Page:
With C7BOI1 it's the combination of properties that counts



'"T'HAT flexible plastic film in the picture is 4/1000
JL of an inch thick. Yet it remains unaffected even by
nitric acid. That's because it's made from one of the
GEONS, a new group of polyvinyl materials whose
long list of unusual properties includes resistance to
acids and other corrosive chemicals.

But one property is important chiefly in its relation-
ship to other properties. That's why we say, with
GEON it's the combination of properties that counts.
Examine this list. Try to imagine the thousands of com-
binations that can be obtained from it.

Products of GEON can be made resistant to water,
oil, grease, acids, alkalies, sunlight, cold, heat, aging,




air, ozone, abrasion, flame, mildew, creasing and many
others. They may be permanently flexible, waterproof,
light weight, odorless, tasteless. They can be made in
a wide range of colors. And they can be heat sealed.

GEON can be extruded, pressure or injection mold-
ed. It can be calendered or cast into sheet or film. It
may be used as a coating for textiles and papers of all
kinds. Its almost limitless applications extend into the
plastics, packaging, textile, food, rubber, paper, cloth-
ing, shoe and many other fields. Probably many of its
most important applications have yet to be developed.

Right now all the GEONS are subject to allocation
by the War Production Board. Limited quantities may
be had for experiment. And our development staff and
laboratory facilities are available to help you work out
any special problem or applications. For more com-
plete information write Department UU-1, Chemical
Division, The B. F. Goodrich Company, 324 Rose
Building, E. Ninth and Prospect, Cleveland 15, Ohio.

CHEMICAL DIVISION

THE B. F. GOODRICH COMPANY

IOSI BUILDING, I. NINTH * PIOSMCT, CLIVILAND IS, OHIO



JANUARY 1945



PLASTICS



"TH/S AD Wilt
S A KHOCK-OlfT"



But We'll Have
To Hold It 'Til
After tke War"




Remember? A bake shop full of good things . . .
Two small fry with their noses flat against the window?
Clutched in their grimy fists a couple of priceless pennies,
Eyes as big as saucers, thinking of what they could do
If they could only be turned loose among trie cakes?



Well, that's us roughly speaking, very roughly.
Civilian business flooding the market,
Luscious items offered almost hourly,
Afraid our competitors will outsmart us.



No, Mr. Copyrighter, Hold That Ad.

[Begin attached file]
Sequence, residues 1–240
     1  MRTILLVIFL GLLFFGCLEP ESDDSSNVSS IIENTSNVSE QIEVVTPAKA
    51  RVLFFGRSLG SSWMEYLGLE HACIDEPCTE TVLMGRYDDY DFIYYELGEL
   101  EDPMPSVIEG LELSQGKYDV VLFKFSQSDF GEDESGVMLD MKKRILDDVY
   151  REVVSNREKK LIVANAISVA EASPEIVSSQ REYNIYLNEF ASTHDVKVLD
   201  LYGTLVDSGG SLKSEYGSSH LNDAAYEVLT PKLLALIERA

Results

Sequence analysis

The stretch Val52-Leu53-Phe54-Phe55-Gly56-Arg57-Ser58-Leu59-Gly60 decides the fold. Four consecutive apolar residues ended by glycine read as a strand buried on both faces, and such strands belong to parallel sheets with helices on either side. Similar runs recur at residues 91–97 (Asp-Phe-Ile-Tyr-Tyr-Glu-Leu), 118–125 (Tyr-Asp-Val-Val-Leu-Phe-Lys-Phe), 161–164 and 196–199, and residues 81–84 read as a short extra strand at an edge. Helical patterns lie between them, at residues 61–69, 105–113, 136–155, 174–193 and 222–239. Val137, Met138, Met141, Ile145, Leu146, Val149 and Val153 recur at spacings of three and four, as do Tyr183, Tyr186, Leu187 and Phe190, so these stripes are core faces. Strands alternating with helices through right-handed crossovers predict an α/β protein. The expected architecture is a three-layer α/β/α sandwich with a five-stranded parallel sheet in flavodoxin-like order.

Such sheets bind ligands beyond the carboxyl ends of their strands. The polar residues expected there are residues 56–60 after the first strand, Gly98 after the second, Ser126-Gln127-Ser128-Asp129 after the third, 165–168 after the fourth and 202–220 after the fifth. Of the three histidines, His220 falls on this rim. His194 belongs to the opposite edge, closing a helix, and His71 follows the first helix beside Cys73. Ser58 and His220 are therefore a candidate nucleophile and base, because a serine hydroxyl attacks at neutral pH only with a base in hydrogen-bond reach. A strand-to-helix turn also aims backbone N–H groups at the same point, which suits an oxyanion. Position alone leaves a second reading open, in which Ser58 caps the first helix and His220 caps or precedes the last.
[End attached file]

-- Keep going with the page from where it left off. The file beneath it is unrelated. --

We're grown up now and part of a nation at war.
If all we had to worry about was our own
Stomach-ache we might take a chance.



Unfortunately, it's a national stomach-ache
We are staving off.
No civilian ads for the duration . . .
But . . . we'll send you a Ready Reference for Plastics
If you write us on your letterhead . . .
And hope you'll welcome us After the War.
V-E and V-J R.I.P.





BOONTON MOLDING COMPANY

MOLDERS, BY MOST ALL METHODS. OF MOST ALL PLASTICS
BOONTON - NEW JERSEY Tel. Boonton 8-2020



NEW YORK



Chanm Bldg.. 122 East 42nd Street. New York 17. N. Y.. MUrray Hill 6-8540



PLASTICS



JANUARY 1945




They said it couldn't be done but the Kuhn
& Jacob Molding & Tool Company of Trenton,
New Jersey did it ... with Megatherm!

All previous attempts to compression-mold this
heater-coupling with ordinary methods of pre-
form beating, had resulted in rejection ratios as
lii^li as 99 to 1. Because of its large size, irregular
shape, and variable thickness, it posed a difficult
production problem.

But i In- high-speed uniform heating of the
rag-filled resin-bonded preform with
Mcgatherm electronic heat resulted in




flawless finished couplings with a smooth surface
and minimum flash that passed rigid inspection
tests 100%.

Here is another proof that Megatherm can do
the job better . . . not only in production
problems involving large parts, irregular shapes,
and variable thicknesses, but in run-of-the-mill
operations.

And as a result, more and more plastic pro-
cessors are installing Megatherm . . . the
modern tool for modern industry. Get tin-
story on Megatherm now.



^a m

Federal Telephone and Radio^brporatiort



Re. IT. S. P.I.



INDUSTRIAL ELECTS



DIVISION




JAM ARY 1915



PLASTICS



Up-to-date
ANSWERS

TO YOUR

Plastic Problems




The whirlwind progress in plastics poses some
problems for the user, or the prospective user.
Materials and processes for telephone parts differ
vastly from those used on bicycles . . . and a
handle for an iron calls for different characteristics
than demanded by a water flask for a soldier.

This is where experience counts, and the right
equipment to turn out the parts accurately
and economically. At General Industries, we have
both. And we keep up to date in our engineering
and with our machinery.

That's why it might be wise for you to consult
with General Industries if you have a problem
in plastics. We don't pretend to know all there is